DAVENPORT, Iowa — Iowa officials have been moving slowly to implement a law allowing for an extract of marijuana to be used for medical treatment, and advocates say they'll keep pressing for more access to the drug.
The state Department of Public Health has yet to issue a single marijuana registration card that's required under the law that passed last year, the Quad-City Times reported (http://bit.ly/1KcbPu0 ). Iowa residents need cards to legally possess marijuana extract purchased in other states.
Maria La France, a mother in Des Moines, said she remains too nervous about being arrested to regularly obtain marijuana oil for her son's intractable epilepsy, the only condition recognized under the law for marijuana treatment.
"It's too scary to break the law, too difficult to lose sleep at night. I frankly spend enough time worrying if my child is going to live another week," La France said.
Steve and Sally Gaer plan to continue lobbying lawmakers for more access to marijuana. Their 24-year-old daughter has seizures more than once a week despite being on four medications.
"What this Iowa bill says is 'this is medicine,' which is huge," Sally Gaer said. "It doesn't help us get it right now, but we made a huge step in educating lawmakers and citizens that there are options out there."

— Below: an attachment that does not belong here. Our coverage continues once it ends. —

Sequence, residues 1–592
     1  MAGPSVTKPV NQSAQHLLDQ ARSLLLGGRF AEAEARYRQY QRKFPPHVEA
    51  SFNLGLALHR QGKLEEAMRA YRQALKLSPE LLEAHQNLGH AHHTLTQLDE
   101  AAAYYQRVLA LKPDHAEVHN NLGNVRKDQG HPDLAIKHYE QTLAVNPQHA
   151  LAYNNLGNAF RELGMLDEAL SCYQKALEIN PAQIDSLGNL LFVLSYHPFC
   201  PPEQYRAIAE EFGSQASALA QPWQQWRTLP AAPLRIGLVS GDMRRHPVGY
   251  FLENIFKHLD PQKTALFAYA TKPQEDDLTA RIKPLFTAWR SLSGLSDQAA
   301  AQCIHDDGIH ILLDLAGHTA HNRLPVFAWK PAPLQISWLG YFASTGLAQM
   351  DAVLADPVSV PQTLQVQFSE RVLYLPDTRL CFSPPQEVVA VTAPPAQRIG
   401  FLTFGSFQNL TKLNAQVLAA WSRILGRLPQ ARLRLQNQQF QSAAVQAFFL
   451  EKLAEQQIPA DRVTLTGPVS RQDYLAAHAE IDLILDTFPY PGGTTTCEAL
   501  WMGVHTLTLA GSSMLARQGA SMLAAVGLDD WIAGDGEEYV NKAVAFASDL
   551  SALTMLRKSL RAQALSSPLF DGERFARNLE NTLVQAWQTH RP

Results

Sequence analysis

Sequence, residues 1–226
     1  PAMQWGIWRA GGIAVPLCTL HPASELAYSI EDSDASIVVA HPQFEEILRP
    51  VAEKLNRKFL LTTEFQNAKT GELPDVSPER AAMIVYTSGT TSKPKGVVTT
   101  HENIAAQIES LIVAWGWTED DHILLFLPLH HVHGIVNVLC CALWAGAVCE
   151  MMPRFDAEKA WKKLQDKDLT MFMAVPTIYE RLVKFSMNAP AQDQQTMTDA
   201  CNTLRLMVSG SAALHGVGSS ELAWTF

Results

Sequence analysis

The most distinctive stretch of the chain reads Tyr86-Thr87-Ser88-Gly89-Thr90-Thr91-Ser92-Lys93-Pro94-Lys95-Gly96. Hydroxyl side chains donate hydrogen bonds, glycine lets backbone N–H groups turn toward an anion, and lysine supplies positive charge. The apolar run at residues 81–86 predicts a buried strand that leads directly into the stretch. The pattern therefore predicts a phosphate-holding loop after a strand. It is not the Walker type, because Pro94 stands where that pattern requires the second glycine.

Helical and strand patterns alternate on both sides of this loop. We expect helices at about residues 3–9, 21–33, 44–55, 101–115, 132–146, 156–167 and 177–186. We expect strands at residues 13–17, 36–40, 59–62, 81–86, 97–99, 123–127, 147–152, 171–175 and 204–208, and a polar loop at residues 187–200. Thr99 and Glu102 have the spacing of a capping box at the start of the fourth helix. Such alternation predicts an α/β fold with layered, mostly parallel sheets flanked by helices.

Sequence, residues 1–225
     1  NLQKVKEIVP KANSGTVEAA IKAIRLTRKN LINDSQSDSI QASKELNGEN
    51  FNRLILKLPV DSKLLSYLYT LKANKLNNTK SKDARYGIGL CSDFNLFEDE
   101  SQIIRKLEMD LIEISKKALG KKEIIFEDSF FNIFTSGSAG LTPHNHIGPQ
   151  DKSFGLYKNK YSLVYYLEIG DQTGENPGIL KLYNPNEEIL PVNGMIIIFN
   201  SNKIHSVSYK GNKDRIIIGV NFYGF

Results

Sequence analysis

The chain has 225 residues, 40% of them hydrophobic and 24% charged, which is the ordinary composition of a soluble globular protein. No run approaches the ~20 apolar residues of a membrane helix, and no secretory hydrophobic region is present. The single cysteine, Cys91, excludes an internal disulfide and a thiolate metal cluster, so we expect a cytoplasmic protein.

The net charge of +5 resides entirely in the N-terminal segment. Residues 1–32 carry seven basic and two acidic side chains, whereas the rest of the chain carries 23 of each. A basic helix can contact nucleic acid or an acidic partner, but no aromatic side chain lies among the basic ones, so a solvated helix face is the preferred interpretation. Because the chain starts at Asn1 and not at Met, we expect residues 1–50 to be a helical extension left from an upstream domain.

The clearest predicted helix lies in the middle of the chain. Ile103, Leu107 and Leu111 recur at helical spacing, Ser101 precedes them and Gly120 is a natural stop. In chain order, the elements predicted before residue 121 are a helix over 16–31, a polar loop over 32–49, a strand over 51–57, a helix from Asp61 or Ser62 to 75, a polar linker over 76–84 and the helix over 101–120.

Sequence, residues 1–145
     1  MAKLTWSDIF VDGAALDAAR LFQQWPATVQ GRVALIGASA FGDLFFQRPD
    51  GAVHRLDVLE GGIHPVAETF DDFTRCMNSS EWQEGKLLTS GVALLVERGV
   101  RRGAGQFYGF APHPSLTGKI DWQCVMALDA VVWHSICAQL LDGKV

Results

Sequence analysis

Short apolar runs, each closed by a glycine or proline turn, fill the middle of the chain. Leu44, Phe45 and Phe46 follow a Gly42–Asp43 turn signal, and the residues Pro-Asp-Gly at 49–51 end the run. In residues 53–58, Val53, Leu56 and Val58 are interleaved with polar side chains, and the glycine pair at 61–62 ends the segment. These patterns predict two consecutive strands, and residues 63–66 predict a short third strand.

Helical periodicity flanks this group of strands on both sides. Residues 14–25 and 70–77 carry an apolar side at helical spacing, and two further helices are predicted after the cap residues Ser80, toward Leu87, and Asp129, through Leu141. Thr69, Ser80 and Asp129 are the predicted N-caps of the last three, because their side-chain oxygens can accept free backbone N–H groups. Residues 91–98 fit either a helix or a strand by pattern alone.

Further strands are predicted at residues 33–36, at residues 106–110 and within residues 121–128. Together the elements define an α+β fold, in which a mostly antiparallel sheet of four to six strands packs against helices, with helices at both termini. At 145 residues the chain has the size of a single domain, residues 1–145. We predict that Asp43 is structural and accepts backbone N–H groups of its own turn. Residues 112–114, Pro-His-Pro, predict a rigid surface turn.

The Iowa Legislature may provide an opportunity. Sen. Joe Bolkcom of Iowa City said he wants to introduce legislation to allow more conditions to be treated with marijuana and allow the drug to be grown in Iowa.
"The medicine has to be produced within the state," Bolkcom said. "That's a major omission from our law."
Gov. Terry Branstad believes the current law needs time to be evaluated before any expansion, but the governor will carefully review anything the legislature passes, his spokesman Jimmy Centers said.
Information from: Quad-City Times, http://www.qctimes.com
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